Why invest in a fucking brewery when no one can leave their homes?

And here we get to the crux of the matter: I invested in Kali’s brewery not because I expect to get rich off the business. I did it because I care about minority-owned businesses, centers of community, ethical business practices, high quality craft beer, and above all…

To be perfectly honest, I don’t expect to get rich off my small business investment. And I’m ok with that! That wasn’t my original goal. My goal was to keep a woman-owned local business afloat so that it could continue to serve our neighborhood as a community gathering spot and source of delicious craft brews with punny names like “Queerly Beloved” and “Gender Fluid.” (Everyone who works there is either gay or a dad.)

Getting a return on my investment in a few years would be awesome! But it wasn’t my primary motivation. I wanted to help a friend. And I wanted to try investing in something I believed in.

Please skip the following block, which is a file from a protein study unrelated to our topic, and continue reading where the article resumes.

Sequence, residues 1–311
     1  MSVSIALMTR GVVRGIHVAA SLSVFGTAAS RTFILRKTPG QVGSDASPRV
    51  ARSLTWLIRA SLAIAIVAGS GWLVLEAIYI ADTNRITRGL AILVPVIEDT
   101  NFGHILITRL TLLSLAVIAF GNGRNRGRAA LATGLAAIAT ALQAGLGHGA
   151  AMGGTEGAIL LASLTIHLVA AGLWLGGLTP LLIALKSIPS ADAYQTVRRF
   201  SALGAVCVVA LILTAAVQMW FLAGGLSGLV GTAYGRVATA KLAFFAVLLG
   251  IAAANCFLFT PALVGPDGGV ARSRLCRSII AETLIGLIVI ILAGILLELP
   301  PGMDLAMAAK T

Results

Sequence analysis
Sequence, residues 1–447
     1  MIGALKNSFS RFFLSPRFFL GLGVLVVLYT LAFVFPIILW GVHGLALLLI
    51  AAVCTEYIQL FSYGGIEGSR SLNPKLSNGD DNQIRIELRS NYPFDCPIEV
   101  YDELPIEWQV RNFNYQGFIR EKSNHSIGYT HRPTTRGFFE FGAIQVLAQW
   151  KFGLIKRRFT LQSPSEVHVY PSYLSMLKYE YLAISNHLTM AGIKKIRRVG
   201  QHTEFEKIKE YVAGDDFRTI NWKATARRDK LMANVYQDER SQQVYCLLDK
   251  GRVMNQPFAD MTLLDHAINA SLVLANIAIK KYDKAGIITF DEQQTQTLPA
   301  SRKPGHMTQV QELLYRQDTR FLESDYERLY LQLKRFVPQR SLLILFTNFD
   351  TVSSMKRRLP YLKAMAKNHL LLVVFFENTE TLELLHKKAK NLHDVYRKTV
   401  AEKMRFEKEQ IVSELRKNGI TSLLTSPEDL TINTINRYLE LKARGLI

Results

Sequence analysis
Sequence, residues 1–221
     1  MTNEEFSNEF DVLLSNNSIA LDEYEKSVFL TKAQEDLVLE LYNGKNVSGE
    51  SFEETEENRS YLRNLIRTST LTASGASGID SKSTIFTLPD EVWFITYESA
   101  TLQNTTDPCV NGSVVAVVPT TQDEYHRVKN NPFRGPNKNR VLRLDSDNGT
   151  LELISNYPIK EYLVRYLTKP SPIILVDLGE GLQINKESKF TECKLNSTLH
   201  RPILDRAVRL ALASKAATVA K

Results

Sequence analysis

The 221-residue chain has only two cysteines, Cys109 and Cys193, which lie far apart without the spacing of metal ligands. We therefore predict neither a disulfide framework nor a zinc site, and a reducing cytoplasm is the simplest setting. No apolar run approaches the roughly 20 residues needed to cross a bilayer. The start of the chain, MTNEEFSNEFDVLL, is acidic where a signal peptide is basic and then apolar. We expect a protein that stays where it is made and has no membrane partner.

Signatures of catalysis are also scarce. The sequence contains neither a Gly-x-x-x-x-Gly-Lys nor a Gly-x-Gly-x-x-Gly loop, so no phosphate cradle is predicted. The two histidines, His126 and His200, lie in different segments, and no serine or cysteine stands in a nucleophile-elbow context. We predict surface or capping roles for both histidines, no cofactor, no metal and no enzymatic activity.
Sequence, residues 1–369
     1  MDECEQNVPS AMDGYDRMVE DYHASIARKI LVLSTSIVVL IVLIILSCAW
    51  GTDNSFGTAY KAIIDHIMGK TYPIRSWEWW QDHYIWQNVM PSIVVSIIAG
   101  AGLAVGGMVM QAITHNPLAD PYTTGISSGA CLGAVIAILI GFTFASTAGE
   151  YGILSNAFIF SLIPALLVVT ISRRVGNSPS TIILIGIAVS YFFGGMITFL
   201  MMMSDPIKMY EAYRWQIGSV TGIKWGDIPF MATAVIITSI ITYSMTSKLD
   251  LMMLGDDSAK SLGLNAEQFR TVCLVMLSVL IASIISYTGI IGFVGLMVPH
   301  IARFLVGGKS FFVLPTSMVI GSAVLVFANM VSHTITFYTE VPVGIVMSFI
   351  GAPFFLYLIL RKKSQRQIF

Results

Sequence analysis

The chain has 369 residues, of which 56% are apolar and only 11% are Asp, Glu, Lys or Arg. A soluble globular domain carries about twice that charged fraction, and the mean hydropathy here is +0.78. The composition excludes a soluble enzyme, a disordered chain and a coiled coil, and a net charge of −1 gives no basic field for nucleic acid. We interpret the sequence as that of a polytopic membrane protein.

Ok so what if you do want to earn a nice fat pay day? And what if you don’t have a close personal friendship with a small business owner?

Mainvest: Small business investing, crowdfunded

Obviously, not everyone is able to handpick a small business investment on their own. My investment in Kali’s brewery is far from the norm! Which is why we’re pleased as punch to introduce our brand new partner: Mainvest!

Mainvest brokers small business investments on the crowdfunding model. They help bring individual investors and small businesses together to democratize business investing and empower small business owners. And you guys? I think they’re fantastic.

How Mainvest works

Small business crowdfunding was made legal in 2015 when the SEC regulated the crowdfunding model. Since then, Mainvest has stepped in to create a platform for crowdfunding investments. They vet the small businesses seeking investors, and they give investors all the information they need to find the right businesses to support.

They’re investing in MAIN Street, not WALL Street! Get it?! (Every politician ever is mad I just stole their line. Sorry not sorry.)